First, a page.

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The James Webb Space Telescope has discovered alcohol in two young star systems

The James Webb Space Telescope has discovered alcohol in two young star systems

What is the relationship between margarita cocktails, vinegar, and ant bites? All three contain chemicals similar to the young progenitors observed by the James Webb Space Telescope, called IRAS 2A and IRAS 23385. Although the two systems have not yet formed planets, the organic molecules discovered using the James Webb Space Telescope are considered central to playing a role in making them habitable. In the future and suitable for the development of life.

The progenitor star is named IRAS 23385 in the image of MIRI.

A research group identified ices composed of various complex organic molecules, such as ethanol, or acetic acid, known as a component of vinegar, in the studied systems based on measurements from the James Webb Space Telescope's mid-infrared camera (MIRI, mid-infrared instrument). . This research builds on a previous study in which scientists used data from the James Webb Space Telescope to identify different chemical elements in a dark, cold molecular cloud.

Will Rocha (Leiden University, Netherlands), who led the research team, said: “Our discovery once again raises one of the key unanswered questions in astrochemistry: How do complex organic molecules form in space? Do they form in the gaseous or solid phase?” Ice)? The presence of complex organic molecules identified in ice suggests that chemical reactions occurring on the surface of cold, solid dust particles may be able to produce them.

The complex organic molecules identified in the two young star systems were previously discovered not only in solids but also in gases. According to the most accepted theories, it did not originate in a gaseous state, but rather in a solid state, and during the sublimation of the ice, it changed directly from the solid state to the gaseous state, bypassing the liquid state. That's why, by detecting complex organic molecules in ice, astronomers can contribute to understanding the formation of other molecules, even larger and more complex than the ones we see here.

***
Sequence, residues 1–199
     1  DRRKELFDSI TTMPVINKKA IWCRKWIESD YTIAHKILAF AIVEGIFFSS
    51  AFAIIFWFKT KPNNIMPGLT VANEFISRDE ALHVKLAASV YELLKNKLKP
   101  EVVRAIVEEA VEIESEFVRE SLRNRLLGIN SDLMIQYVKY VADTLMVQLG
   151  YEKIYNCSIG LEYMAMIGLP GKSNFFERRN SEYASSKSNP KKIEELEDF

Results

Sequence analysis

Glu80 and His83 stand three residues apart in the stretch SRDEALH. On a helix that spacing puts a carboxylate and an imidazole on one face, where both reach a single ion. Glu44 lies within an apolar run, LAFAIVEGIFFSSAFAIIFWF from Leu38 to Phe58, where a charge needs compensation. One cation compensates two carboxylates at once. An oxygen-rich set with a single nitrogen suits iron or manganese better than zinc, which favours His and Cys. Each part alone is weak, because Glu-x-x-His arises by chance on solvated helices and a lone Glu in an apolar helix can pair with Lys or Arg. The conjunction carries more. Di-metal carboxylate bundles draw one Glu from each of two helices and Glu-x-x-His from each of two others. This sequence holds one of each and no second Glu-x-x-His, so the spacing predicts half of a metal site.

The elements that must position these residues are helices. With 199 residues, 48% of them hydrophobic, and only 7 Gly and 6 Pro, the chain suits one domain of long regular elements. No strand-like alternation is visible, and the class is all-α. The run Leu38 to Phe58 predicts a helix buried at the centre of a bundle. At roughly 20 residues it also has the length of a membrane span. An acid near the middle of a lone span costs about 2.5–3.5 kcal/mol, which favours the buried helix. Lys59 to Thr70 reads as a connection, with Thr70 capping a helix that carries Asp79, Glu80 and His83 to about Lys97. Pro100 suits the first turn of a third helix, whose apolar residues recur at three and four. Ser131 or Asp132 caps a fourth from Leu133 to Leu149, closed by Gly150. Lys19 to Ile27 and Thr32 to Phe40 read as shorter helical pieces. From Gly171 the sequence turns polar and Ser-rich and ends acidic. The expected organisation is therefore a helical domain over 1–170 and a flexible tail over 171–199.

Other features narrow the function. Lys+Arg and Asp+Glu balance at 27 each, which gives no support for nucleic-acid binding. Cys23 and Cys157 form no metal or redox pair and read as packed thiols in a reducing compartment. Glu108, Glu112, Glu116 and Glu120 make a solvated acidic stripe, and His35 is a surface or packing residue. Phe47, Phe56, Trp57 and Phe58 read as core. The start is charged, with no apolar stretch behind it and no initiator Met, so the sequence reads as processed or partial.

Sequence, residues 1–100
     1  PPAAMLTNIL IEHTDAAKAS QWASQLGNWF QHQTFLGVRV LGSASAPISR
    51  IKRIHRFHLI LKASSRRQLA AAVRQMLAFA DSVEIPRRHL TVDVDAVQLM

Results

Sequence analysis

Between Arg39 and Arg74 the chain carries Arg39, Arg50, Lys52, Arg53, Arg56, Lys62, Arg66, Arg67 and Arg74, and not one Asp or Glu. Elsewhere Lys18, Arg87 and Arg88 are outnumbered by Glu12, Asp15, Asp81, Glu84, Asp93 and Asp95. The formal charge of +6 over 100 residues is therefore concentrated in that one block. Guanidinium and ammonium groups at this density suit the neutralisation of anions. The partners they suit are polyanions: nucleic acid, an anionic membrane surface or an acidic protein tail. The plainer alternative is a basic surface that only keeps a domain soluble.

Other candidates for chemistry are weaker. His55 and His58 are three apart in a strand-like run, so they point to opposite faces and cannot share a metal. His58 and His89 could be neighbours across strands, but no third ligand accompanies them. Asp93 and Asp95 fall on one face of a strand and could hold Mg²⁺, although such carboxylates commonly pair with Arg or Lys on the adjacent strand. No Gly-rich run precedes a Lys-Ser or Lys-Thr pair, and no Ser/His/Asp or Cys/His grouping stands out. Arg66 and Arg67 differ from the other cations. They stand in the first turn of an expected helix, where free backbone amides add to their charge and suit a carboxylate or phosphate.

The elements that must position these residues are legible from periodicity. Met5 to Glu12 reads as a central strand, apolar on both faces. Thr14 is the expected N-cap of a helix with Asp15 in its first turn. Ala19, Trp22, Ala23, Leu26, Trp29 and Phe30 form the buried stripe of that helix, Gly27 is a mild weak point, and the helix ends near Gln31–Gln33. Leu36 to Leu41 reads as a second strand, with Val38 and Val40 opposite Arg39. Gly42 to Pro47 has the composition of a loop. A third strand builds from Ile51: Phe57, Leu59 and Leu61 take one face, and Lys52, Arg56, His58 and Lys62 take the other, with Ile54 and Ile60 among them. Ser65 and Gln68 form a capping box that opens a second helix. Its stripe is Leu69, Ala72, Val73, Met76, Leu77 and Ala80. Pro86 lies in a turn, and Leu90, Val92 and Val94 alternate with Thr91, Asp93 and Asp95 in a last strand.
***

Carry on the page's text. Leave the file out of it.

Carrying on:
Complex organic molecules in the IRAS 2A progenitor spectrum.

The researchers also carefully studied the question of how complex organic molecules present in the environment of the progenitors of the stars they examined later reached the surface of the planets that would form around young stars. According to participants in the group that published the study, these molecules reach the mass capture disk that forms around young stars and hosts the subsequent planets of the system more easily in a cold, solid, icy phase than in the warmer, gaseous state. The complex organic molecules found in ice could easily be incorporated into the material of comets and asteroids, which could collide with newly formed planets during their journey, thus providing the chemicals needed for life to form on their surfaces.

In addition to complex molecules, the researchers were also able to detect the presence of other, simpler chemicals in the systems investigated, for example formic acid, which causes the burning sensation caused by ant stings, methane, formaldehyde, and sulfur dioxide. . Based on our knowledge so far, the presence of sulfur-containing molecules, such as sulfur dioxide, played an important role in chemical reactions related to metabolism on young Earth as well.

It is particularly interesting that one of the sources examined during the research, IRAS 2A, is a low-mass stellar progenitor, and thus its environment may have been similar to the early solar system. This suggests that the chemical elements identified in IRAS 2A may also have been present in the early period of our solar system's evolution, and may have reached the newly formed Earth through the processes described above, in order to enable the development of life later.

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“The complex organic molecules identified in IRAS 2A and IRAS 23385 could later be incorporated into comets and asteroids and, through collisions, become part of the mass capture disk that forms around young stars and in which planets then form. That's why we're excited to be able We will be able to track the evolution of these young star systems step by step in the future by analyzing additional data from the James Webb Space Telescope, said Eoin van Dischhoek, who participated in the research.

The study on the results presented here was published by the research group in the journal Astronomy & Astrophysics.

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